LinkedIn May Become the Central Home for Collaboration

May 8, 2013
This article is part of a series called Opinion.

Did you read Lou Adler’s recent blog on LinkedIn posted May 2, 2013 titled, “There Are Only Four Jobs in the Whole World — Are You in the Right One?” More than likely if you’re reading this — you did. Consider these staggering statistics: according to LinkedIn as of May 6, Adler’s article has been viewed 380,000+ times, shared on LinkedIn 14,000+ times, liked on Facebook about 2,900+ times, and Tweeted 2,000+ times.

Since the late 1990s, we as a recruiting community have been following Lou Adler’s posts on ERE and other forums with well-deserved admiration. Adler has been an influencer in our industry for a long time and has earned our respect. However, I posit that if you were to take every article Adler has posted on ERE, and summed up the total amount of views and shares, that it may not match what his recent post has accumulated on the LinkedIn platform in less than a week. That to me is a seismic shift worth studying.

Adler was recently selected by LinkedIn to become what it calls an Influencer. In the few months since accepting his invitation, he has already amassed 173,000+ followers. When the campaign launched about six months ago, you could complete an application to become an Influencer. However, due to the overwhelming demand of applicants to become Influencers, it is now an invitation-only select club. This means Lou can write as long an article as he’d like, I believe limited to twice a month, and it will be pushed to his followers who can share it with their preferred social networks.

There is strength in numbers, and I haven’t seen the numbers which this LinkedIn Influencer campaign is drawing before. And as great as Lou’s number have been, they’re not the largest by a long shot.

The most popular LinkedIn Influencer is Richard Branson, who has amassed more than 1.7-million followers. In addition, the influencer list includes President Obama with 800,000+ followers, Deepak Chopra, Jack Welch, Arianna Huffington, Mark Cuban, and Meg Whitman amongst others. However, the list of content sharers is very small considering the 220-million profiles on LinkedIn. But this is only the beginning. It will grow.

Why This Matters

We are seeing the evolution of the LinkedIn platform in a move that is positioning it to become a central node of professional collaboration beyond an online identity. The company wants to draw additional web traffic, and by looking at the numbers it appears to have succeeded. According to the web traffic analyzer Alexa, LinkedIn now ranks as the 10th-most visited website in the U.S. and fourteenth internationally. Many of us in the recruiting industry have considered LinkedIn no more than a glorified resume database … granted, a very large resume database! But this influencer capability seems to be a game-changer to me that is drawing even more visitors to the site, and changing behaviors of how professionals interact. The effect has only sped up the rate at which unique profiles are being created to more than 200,000+ a day.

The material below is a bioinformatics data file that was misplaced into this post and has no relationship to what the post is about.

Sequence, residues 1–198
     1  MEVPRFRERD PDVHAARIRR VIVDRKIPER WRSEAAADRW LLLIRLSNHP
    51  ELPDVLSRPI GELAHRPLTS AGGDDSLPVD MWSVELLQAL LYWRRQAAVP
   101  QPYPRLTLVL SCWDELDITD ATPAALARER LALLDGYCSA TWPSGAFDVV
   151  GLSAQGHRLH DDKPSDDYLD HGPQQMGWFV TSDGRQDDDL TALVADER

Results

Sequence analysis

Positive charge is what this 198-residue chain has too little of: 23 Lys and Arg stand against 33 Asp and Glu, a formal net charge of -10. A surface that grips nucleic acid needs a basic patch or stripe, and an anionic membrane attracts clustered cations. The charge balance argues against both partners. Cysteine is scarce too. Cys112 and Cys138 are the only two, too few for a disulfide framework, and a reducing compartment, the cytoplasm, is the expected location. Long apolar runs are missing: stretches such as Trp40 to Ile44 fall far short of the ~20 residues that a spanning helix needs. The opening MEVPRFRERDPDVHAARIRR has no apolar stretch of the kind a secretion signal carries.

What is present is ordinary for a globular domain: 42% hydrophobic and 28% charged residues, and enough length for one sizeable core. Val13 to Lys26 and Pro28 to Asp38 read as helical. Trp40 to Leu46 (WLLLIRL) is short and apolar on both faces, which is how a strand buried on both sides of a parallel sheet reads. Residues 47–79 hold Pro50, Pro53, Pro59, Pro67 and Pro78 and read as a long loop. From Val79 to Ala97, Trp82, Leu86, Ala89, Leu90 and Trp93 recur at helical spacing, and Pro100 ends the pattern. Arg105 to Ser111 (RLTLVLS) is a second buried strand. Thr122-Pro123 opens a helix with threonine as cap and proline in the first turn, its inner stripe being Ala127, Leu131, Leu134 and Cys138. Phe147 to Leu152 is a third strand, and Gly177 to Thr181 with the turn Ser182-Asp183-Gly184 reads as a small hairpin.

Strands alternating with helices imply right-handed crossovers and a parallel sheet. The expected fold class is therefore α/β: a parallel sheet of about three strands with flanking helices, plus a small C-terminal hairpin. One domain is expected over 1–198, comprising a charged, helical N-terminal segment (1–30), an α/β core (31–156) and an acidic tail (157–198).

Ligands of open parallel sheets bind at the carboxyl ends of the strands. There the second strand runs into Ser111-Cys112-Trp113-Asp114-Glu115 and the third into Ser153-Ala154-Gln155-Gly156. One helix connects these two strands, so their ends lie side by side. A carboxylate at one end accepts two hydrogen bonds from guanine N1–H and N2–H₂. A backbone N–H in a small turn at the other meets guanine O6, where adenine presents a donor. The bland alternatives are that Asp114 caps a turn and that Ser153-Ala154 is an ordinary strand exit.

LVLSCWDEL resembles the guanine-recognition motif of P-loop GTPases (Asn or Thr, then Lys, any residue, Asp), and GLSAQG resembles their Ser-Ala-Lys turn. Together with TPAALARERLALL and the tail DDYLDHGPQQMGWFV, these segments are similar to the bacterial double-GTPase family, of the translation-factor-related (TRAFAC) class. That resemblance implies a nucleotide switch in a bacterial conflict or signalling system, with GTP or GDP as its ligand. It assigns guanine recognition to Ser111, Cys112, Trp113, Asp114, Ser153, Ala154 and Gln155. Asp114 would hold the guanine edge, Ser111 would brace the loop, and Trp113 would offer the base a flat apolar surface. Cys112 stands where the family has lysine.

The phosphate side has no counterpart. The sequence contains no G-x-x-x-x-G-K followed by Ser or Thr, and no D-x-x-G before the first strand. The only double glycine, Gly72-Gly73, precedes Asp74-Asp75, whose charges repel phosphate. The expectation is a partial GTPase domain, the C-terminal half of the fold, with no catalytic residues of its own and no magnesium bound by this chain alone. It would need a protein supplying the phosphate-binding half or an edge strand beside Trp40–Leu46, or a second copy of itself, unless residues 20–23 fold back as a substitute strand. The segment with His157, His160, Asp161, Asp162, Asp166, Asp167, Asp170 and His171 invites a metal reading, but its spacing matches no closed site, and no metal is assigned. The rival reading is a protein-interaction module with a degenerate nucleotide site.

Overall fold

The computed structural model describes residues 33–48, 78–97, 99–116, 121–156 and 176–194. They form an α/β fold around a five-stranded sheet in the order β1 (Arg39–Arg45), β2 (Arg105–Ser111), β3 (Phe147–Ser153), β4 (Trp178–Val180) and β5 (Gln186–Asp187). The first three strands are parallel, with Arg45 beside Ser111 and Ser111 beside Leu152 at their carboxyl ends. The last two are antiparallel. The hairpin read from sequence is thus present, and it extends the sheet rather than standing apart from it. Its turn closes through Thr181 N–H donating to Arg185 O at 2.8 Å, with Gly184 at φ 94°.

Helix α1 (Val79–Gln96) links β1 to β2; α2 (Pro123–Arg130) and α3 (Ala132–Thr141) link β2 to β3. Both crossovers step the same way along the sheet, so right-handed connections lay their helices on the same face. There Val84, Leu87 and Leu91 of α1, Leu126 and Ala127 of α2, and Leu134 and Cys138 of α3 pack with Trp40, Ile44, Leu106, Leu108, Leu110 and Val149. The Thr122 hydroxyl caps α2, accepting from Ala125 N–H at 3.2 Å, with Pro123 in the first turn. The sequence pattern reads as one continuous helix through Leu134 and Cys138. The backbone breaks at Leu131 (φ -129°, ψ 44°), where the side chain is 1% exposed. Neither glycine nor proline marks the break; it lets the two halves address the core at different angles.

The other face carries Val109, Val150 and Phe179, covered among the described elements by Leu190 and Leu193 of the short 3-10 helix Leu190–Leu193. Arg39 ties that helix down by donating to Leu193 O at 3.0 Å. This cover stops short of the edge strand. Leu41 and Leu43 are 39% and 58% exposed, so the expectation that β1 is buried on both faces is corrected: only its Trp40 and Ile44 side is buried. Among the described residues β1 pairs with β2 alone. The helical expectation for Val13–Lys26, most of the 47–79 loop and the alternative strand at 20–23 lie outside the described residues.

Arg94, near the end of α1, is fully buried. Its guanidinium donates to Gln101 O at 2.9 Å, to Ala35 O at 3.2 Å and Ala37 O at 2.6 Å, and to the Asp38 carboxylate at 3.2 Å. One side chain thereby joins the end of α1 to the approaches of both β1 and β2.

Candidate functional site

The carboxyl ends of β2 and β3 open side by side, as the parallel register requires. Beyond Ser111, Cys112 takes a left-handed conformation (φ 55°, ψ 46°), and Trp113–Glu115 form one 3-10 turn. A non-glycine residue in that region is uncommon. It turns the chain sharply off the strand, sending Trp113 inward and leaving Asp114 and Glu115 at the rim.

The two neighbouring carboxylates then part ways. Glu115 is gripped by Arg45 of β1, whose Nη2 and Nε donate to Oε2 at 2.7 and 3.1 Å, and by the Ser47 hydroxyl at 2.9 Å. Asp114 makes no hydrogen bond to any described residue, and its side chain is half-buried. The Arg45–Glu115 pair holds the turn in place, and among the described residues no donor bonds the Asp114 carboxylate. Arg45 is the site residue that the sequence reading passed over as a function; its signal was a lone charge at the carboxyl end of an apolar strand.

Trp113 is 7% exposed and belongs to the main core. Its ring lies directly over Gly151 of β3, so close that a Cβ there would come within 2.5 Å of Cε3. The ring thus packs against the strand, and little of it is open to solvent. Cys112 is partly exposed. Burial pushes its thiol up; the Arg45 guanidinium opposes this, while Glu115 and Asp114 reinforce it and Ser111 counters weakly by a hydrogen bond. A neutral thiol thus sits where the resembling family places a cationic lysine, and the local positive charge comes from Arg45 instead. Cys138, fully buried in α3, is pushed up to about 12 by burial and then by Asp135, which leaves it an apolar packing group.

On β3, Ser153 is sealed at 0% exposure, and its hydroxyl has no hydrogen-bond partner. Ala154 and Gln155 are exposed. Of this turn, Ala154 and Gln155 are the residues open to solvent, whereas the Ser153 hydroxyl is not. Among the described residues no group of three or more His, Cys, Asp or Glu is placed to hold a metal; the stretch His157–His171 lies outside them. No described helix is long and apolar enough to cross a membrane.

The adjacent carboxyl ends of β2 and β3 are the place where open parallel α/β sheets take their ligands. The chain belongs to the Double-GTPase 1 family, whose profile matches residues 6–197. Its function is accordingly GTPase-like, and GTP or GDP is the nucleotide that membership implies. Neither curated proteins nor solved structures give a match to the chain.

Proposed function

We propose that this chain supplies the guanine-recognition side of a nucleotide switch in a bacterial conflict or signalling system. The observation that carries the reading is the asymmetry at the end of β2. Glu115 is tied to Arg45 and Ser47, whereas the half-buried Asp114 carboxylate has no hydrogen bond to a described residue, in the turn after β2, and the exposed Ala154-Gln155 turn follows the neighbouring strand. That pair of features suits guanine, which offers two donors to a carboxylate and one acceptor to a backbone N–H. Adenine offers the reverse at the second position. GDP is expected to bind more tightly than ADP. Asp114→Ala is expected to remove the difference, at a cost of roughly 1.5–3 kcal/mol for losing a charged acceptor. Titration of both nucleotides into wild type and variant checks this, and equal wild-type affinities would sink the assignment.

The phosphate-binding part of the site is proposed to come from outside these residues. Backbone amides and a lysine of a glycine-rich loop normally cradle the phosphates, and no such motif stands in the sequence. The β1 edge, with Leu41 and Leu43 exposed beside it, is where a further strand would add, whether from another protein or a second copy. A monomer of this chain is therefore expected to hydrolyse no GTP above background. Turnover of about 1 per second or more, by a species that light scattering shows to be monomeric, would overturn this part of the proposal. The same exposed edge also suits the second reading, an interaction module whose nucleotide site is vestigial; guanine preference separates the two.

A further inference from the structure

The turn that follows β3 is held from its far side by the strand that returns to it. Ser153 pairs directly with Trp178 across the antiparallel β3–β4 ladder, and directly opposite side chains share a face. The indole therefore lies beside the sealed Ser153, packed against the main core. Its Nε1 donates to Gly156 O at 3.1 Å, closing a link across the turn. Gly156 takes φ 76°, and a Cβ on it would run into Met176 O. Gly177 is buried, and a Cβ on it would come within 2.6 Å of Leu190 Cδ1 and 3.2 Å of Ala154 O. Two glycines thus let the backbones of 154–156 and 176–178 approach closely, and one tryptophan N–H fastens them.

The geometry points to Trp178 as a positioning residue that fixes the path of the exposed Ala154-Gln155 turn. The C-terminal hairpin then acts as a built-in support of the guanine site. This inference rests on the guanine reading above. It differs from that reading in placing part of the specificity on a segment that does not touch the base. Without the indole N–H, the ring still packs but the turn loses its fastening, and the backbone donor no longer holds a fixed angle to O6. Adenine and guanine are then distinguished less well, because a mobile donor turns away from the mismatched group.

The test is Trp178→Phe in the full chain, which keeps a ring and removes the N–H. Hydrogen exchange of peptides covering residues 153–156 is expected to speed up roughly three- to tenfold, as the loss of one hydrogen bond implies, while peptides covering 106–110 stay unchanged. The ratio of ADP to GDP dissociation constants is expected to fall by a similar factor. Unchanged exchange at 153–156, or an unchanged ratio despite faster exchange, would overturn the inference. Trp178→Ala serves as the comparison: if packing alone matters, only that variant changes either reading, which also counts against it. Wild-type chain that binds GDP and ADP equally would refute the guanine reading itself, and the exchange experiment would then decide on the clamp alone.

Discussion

I have always been troubled by Facebook attempting to promote the coexistence of both a professional and personal identity, the tension of which seems too much for most.  Many just aren’t comfortable with Facebook or Google+ being our professional and personal identity in one. Perhaps the recent moves by LinkedIn have cracked the code that will allow us to bin ourselves going forward. Your personal account can be on Google+ and Facebook. Your professional identity can be LinkedIn, and it can all co-exist with Twitter sharing all things.

I predict a future where influencers in every conceivable niche may gravitate to the LinkedIn platform as a central node to share information. Imagine if you were an atmospheric scientist or nuclear engineer and wanted to follow specific thought leaders in that research space. With its unprecedented profile numbers and well-positioned brand for professional identity it may be uniquely positioned to distribute information to niche fields like recruiting that can uplift entire capabilities due to sheer volume and numbers. The recent Lou Adler article is only one example. One recruiter with hundreds of thousands of views. One scientist, one engineer, or marketer or CEO or President. But the number of influencers will only increase in time — because we will demand it. As great a voice as Lou is, there are more recruiters clamoring to share a message and we want to read them.

In my experience the recruiting industry has been a collection of disparate blogs, trade shows, and personalities which have loosely tied us together, but even the largest ERE convention has never been more than 1,000. That may not change, but the fact Adler was able to draw such a vast amount of views and shares seems to me to create an opportunity to propel a niche capability forward in knowledge sharing.  No longer will Adler’s articles be shared a couple of hundred times, but his influence will be in the hundreds of thousands. That seems to me to be something worth celebrating in our industry, but also for every industry going forward.

So congratulations Lou, and take the numbers of his recent post as a shot across the bow that things are changing, and we should pay attention.

This article is part of a series called Opinion.
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